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Coriolanus: Act II, Scene 1

Coriolanus
Act II, Scene 1

Scene 1

Rome. A public place.

  1. Enter Menenius with the two tribunes of the people, Sicinius
  2. and Brutus.

Menenius

1
  1. The augurer tells me we shall have news tonight.

Brutus

2
  1. Good or bad?

Menenius

3 - 4
  1. Not according to the prayer of the people, for they love not
  2. Martius.

Sicinius Velutus

5
  1. Nature teaches beasts to know their friends.

Menenius

6
  1. Pray you, who does the wolf love?

Sicinius Velutus

7
  1. The lamb.

Menenius

8 - 9
  1. Ay, to devour him, as the hungry plebeians would the noble
  2. Martius.

Brutus

10
  1. He’s a lamb indeed, that baes like a bear.

Menenius

11 - 12
  1. He’s a bear indeed, that lives like a lamb. You two are old
  2. men: tell me one thing that I shall ask you.

Both Menenius and Brutus

13
  1. Well, sir.

Menenius

14 - 15
  1. In what enormity is Martius poor in, that you two have not
  2. in abundance?

Brutus

16
  1. He’s poor in no one fault, but stor’d with all.

Sicinius Velutus

17
  1. Especially in pride.

Brutus

18
  1. And topping all others in boasting.

Menenius

19 - 21
  1. This is strange now. Do you two know how you are censur’d
  2. here in the city, I mean of us a’ th’ right-hand file? Do
  3. you?

Both Menenius and Brutus

22
  1. Why? How are we censur’d?

Menenius

23
  1. Because you talk of pride nowwill you not be angry?

Both Menenius and Brutus

24
  1. Well, well, sir, well.

Menenius

25 - 29
  1. Why, ’tis no great matter; for a very little thief of
  2. occasion will rob you of a great deal of patience. Give your
  3. dispositions the reins and be angry at your pleasures; at
  4. the least, if you take it as a pleasure to you in being so.
  5. You blame Martius for being proud?

Brutus

30
  1. We do it not alone, sir.

Menenius

31 - 36
  1. I know you can do very little alone, for your helps are
  2. many, or else your actions would grow wondrous single; your
  3. abilities are too infant-like for doing much alone. You talk
  4. of pride: O that you could turn your eyes toward the napes
  5. of your necks and make but an interior survey of your good
  6. selves! O that you could!

Both Menenius and Brutus

37
  1. What then, sir?

Menenius

38 - 39
  1. Why then you should discover a brace of unmeriting, proud,
  2. violent, testy magistrates (alias fools) as any in Rome.

Sicinius Velutus

40
  1. Menenius, you are known well enough too.

Menenius

41 - 57
  1. I am known to be a humorous patrician, and one that loves a
  2. cup of hot wine with not a drop of allaying Tiber in’t; said
  3. to be something imperfect in favoring the first complaint,
  4. hasty and tinder-like upon too trivial motion; one that
  5. converses more with the buttock of the night than with the
  6. forehead of the morning. What I think, I utter, and spend my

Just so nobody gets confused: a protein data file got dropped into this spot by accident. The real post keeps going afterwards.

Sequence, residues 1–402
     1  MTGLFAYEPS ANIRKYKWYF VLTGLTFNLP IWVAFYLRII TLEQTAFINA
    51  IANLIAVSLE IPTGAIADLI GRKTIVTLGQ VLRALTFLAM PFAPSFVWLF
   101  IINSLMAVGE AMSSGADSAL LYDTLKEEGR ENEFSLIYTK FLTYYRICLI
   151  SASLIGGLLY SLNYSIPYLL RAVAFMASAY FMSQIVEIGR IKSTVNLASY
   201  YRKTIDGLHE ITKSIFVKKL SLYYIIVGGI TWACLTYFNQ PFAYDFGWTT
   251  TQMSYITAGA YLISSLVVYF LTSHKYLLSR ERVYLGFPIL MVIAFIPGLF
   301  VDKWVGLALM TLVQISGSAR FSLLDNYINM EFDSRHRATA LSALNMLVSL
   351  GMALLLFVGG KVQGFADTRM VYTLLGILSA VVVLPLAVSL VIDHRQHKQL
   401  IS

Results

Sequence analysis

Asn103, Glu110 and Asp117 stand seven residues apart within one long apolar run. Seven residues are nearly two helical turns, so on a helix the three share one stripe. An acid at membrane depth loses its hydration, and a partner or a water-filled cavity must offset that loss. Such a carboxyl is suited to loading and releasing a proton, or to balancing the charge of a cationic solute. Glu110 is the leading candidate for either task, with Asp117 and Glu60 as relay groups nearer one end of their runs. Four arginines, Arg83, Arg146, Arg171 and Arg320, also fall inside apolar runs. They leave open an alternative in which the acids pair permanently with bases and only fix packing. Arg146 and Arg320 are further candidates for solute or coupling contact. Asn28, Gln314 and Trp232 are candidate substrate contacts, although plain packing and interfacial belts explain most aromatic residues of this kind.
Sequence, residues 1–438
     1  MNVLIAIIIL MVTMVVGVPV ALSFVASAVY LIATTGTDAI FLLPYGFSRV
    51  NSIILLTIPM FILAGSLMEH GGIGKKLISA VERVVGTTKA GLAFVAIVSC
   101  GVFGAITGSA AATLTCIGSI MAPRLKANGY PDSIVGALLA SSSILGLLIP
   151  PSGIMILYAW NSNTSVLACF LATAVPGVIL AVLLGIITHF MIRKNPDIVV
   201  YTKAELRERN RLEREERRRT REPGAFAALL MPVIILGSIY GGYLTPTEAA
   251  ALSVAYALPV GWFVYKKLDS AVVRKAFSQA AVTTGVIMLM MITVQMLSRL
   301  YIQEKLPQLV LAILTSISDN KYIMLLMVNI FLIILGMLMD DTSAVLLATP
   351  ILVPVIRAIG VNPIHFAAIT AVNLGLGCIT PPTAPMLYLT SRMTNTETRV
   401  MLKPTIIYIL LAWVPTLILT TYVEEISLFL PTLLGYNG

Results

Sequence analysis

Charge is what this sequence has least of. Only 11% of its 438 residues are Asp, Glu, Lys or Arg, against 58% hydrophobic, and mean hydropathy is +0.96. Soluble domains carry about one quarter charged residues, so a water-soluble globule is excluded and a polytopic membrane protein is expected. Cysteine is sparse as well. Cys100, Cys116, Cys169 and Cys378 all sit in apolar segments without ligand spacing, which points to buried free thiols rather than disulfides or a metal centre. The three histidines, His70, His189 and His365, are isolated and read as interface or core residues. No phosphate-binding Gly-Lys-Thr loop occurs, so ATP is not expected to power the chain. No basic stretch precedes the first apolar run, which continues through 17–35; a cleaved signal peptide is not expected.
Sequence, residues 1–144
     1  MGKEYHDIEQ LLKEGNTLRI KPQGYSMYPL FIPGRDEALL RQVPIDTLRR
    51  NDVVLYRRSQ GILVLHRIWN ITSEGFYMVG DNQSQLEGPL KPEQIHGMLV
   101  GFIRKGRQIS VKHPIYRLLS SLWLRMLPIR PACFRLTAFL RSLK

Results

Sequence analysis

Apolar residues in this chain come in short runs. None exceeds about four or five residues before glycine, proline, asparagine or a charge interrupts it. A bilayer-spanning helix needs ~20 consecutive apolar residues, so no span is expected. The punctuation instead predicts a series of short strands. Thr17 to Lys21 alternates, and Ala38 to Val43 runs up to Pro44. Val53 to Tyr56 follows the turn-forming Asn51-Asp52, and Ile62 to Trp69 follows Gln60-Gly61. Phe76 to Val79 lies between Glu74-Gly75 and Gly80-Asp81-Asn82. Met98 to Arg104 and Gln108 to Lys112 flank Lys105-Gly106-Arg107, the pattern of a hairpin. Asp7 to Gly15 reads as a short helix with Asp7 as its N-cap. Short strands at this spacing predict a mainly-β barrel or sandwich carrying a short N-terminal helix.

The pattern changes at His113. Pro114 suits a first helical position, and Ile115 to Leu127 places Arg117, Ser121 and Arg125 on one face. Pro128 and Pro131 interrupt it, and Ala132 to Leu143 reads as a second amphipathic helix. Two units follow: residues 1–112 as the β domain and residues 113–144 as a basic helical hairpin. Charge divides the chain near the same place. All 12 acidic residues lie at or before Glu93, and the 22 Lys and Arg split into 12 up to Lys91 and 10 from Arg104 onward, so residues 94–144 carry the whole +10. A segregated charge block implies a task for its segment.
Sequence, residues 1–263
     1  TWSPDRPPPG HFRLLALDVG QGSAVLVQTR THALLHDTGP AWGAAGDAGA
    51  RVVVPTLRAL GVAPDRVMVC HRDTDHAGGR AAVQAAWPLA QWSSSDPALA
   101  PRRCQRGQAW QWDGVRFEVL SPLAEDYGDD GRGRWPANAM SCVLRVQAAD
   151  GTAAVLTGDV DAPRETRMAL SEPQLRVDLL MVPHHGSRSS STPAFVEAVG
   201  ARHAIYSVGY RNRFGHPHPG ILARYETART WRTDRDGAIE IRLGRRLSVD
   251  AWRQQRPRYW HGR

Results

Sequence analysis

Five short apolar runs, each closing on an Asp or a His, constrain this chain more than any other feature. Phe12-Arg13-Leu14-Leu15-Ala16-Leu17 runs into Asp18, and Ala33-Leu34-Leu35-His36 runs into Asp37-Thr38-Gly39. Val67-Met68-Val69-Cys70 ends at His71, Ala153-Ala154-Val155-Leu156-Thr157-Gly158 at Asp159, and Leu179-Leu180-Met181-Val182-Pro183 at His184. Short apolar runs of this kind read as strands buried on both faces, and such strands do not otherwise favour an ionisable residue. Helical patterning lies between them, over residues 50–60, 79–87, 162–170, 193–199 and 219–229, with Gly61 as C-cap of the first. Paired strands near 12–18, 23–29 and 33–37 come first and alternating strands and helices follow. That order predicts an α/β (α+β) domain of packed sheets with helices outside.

7. malice in my breath. Meeting two such wealsmen as you are (I
  8. cannot call you Lycurguses), if the drink you give me touch
  9. my palate adversely, I make a crooked face at it. I cannot
  10. say your worships have deliver’d the matter well, when I
  11. find the ass in compound with the major part of your
  12. syllables; and though I must be content to bear with those
  13. that say you are reverend grave men, yet they lie deadly
  14. that tell you have good faces. If you see this in the map of
  15. my microcosm, follows it that I am known well enough too?
  16. What harm can your beesom conspectuities glean out of this
  17. character, if I be known well enough too?

Brutus

58
  1. Come, sir, come, we know you well enough.

Menenius

59 - 70
  1. You know neither me, yourselves, nor any thing. You are
  2. ambitious for poor knaves’ caps and legs. You wear out a
  3. good wholesome forenoon in hearing a cause between an
  4. orange-wife and a forset-seller, and then rejourn the
  5. controversy of threepence to a second day of audience. When
  6. you are hearing a matter between party and party, if you
  7. chance to be pinch’d with the colic, you make faces like
  8. mummers, set up the bloody flag against all patience, and in
  9. roaring for a chamber-pot, dismiss the controversy bleeding,
  10. the more entangled by your hearing. All the peace you make
  11. in their cause is calling both the parties knaves. You are a
  12. pair of strange ones.

Brutus

71 - 72
  1. Come, come, you are well understood to be a perfecter giber
  2. for the table than a necessary bencher in the Capitol.

Menenius

73 - 86
  1. Our very priests must become mockers if they shall encounter
  2. such ridiculous subjects as you are. When you speak best
  3. unto the purpose, it is not worth the wagging of your
  4. beards, and your beards deserve not so honorable a grave as
  5. to stuff a botcher’s cushion, or to be entomb’d in an ass’s
  6. pack-saddle. Yet you must be saying Martius is proud; who,
  7. in a cheap estimation, is worth all your predecessors since
  8. Deucalion, though peradventure some of the best of ’em were
  9. hereditary hangmen. God-den to your worships; more of your
  10. conversation would infect my brain, being the herdsmen of
  11. the beastly plebeians. I will be bold to take my leave of
  12. you.